“The Harlem Children’s Zone has created a new paradigm for fighting poverty, intended to overcome the limits of traditional approaches. Our model focuses primarily and intensively on the social, health, and educational development of children. To help support that development, we also provide wrap-around programs that improve the children’s family and neighborhood environments.
The theory of change underlying the HCZ model requires the coordinated application of its five core principles. To create change it is necessary to:
• Serve an entire neighborhood comprehensively and at scale. Engaging an entire neighborhood helps to achieve three goals: it reaches children in numbers significant enough to affect the culture of a community; it transforms the physical and social environments that impact the children’s development; and it creates programs at a scale large enough to meet the local need.
• Create a pipeline of support. Develop excellent, accessible programs and schools and link them to one another so that they provide uninterrupted support for children’s healthy growth, starting with pre-natal programs for parents and finishing when young people graduate from college. Surround the pipeline with additional programs that support families and the larger community.
• Build community among residents, institutions, and stakeholders, who help to create the environment necessary for children’s healthy development.
• Evaluate program outcomes and create a feedback loop that cycles data back to management for use in improving and refining program offerings.
• Cultivate a culture of success rooted in passion, accountability, leadership, and teamwork.
Harlem Children’s Zone began with a focus on 24 blocks representing 3000 kids and now represents 100 blocks and 10,000 kids. Programs include Baby College for new moms, mentoring programs, libraries, health programs, reading programs, fitness, after schools programs, career and college prep and the list goes on. But the most important element is tracking and measurement. Kids are tracked to not get lost in the system and results are measured for effectiveness at every level.
Using similar values and metrics to the Harlem Children’s Zone, it has been the desire of South Heights, City Leaders, Community leaders and the Engage team to create an entity focused on East End kids. There are about 1800 kids under the age of 18 in the East End area. And while there are a lot of differences between East End and Harlem, the common ground is the need to create a pipeline of services to support their success.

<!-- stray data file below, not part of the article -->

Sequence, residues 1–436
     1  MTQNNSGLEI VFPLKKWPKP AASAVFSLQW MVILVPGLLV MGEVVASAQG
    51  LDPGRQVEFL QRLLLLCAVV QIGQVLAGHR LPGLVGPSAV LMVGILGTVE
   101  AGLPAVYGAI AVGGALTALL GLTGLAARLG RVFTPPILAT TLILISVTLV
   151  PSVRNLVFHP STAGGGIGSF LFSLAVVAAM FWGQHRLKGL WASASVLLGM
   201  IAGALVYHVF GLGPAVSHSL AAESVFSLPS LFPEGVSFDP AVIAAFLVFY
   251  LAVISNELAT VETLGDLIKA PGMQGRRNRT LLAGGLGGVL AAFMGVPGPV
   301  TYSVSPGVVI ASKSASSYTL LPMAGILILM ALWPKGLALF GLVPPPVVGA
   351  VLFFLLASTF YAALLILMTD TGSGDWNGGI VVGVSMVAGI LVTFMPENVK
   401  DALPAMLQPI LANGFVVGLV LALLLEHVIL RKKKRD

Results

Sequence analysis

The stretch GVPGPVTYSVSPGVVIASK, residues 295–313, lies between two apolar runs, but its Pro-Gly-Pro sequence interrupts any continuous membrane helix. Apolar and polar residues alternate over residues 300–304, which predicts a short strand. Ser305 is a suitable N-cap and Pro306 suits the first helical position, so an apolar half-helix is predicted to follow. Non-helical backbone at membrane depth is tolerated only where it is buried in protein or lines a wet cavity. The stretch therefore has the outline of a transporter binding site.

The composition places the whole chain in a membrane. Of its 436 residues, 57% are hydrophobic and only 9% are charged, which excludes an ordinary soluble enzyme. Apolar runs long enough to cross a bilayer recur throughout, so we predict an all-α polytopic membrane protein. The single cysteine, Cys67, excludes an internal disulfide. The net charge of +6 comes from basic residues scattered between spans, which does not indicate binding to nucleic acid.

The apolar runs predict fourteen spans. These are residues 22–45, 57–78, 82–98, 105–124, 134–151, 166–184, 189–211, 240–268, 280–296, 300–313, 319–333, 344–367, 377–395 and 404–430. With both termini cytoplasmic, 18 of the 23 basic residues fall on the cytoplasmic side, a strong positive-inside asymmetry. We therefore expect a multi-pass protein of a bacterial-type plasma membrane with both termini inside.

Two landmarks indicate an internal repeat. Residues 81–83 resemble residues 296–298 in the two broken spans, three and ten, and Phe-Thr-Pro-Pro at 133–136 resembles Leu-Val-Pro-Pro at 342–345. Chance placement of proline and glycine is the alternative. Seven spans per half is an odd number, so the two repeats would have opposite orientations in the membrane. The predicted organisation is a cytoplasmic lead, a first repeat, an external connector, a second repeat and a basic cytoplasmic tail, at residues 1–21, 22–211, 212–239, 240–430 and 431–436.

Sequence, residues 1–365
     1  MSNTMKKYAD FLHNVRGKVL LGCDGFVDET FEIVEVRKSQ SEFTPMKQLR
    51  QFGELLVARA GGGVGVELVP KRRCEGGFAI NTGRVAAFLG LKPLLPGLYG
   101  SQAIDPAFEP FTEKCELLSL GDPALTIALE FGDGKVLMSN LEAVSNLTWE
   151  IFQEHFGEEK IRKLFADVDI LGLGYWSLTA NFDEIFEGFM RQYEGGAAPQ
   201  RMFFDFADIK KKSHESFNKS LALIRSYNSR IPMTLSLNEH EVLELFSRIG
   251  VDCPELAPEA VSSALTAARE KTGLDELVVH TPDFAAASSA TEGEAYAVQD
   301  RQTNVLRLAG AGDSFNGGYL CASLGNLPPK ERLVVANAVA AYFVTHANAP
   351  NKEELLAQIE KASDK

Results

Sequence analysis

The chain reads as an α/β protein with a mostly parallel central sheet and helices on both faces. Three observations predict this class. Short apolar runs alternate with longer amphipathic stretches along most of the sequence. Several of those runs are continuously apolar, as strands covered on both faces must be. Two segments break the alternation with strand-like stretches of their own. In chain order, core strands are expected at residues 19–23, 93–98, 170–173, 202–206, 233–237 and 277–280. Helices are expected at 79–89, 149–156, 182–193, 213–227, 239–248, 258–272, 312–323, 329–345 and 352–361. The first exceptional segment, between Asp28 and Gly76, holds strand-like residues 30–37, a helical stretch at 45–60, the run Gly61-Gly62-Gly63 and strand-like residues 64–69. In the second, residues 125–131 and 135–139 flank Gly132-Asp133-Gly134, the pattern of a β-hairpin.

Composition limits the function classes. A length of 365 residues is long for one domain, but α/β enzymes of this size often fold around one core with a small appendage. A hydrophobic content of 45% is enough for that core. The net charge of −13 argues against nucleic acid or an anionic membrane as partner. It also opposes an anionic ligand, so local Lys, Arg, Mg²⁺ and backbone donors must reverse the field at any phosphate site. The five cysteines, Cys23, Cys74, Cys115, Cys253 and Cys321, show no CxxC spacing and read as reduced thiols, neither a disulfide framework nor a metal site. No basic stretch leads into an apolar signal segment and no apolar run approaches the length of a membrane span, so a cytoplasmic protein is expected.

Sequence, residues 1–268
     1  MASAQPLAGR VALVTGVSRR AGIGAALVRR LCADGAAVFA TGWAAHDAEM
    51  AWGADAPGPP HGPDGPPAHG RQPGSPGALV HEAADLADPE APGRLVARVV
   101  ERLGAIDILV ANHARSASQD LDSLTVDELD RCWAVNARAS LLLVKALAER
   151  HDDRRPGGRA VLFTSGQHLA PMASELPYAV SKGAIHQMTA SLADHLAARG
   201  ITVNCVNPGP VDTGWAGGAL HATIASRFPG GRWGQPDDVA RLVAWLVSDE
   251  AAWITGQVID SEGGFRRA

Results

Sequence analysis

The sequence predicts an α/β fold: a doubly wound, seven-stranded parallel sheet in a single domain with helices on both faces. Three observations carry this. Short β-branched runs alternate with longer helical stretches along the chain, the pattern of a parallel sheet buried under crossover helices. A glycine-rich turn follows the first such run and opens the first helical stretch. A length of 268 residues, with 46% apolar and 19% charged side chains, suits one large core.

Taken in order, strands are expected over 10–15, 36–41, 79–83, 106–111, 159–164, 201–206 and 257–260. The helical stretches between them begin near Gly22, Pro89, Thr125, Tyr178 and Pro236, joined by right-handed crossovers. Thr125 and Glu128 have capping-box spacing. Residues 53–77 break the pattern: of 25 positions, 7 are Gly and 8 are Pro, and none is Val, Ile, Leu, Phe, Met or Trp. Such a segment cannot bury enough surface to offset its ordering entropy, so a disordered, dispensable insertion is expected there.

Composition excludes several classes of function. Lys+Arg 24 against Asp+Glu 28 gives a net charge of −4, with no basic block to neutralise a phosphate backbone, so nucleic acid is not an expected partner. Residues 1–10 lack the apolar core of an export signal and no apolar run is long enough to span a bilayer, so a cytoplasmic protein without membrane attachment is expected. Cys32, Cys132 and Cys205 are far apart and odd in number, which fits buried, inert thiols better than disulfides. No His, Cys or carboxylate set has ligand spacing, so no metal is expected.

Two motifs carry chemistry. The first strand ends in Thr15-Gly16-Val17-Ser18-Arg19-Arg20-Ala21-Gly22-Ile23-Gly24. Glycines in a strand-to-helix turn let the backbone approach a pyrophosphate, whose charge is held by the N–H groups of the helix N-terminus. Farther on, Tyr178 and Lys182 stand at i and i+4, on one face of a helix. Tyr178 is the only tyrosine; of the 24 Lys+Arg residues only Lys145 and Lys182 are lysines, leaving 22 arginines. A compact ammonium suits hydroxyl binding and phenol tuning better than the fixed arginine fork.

The idea would be to create a new organization dedicated to a Kids Zone in Henderson’s East End. The organization would include representation from business and education leaders including some primary funding partners. The ideal would be to immediately purchase or build a facility in the East End on the Letcher street corridor where the Kids Zone idea could have a presence in the neighborhood and the kids could “own it”. It would start with some full time staff with the capacity to work directly with Rob Carroll and South Heights to expand successful programs that are currently limited by the facilities and resources of schools.
The idea of East End Kids Zone is collaborative support for an under resourced neighborhood. Working with the local schools, neighbors and existing non-profits…East End Kids Zone would be an entity committed to the success of kids from birth to college and ultimately committed to stopping the cycle of poverty in an important area of the Henderson Community.
Stay tuned. We are anticipating major developments yet in 2014.
As we bring the Kyndle Series to a close for 2014, it was with a big night in November. With 250 educators from over 40 schools from both Indiana and Kentucky and greetings from Dr. David Smith, Superintendent of Evansville-Vanderburgh County Schools and Margana Stanley, Henderson County Schools. Special thanks to speaker Dr. Todd Whittaker from Indiana State University.
A great day of Leadership insight and inspiration from local and regional non-profit CEO’s and others with leadership experience. Kyndle is the 4 county Chamber organization representing Henderson and surrounding counties. The idea is keep the leadership conversation going after the Global Leadership Summit in Western Kentucky with specific sessions for business, non-profit, educators and students.
A great day of Leadership insight and inspiration from local and regional CEO’s and others with leadership experience. Kyndle is the 4 county Chamber organization representing Henderson and surrounding counties. The idea is keep the leadership conversation going after the Global Leadership Summit in Western Kentucky with specific sessions for business, non-profit, educators and students. For more information, click here,
Very excited to have Jefferson Elementary at One Life Church-Henderson today for “Leader in Me” training. This is their second year to use this curriculum that recognizes and inspires kids to new levels of leadership.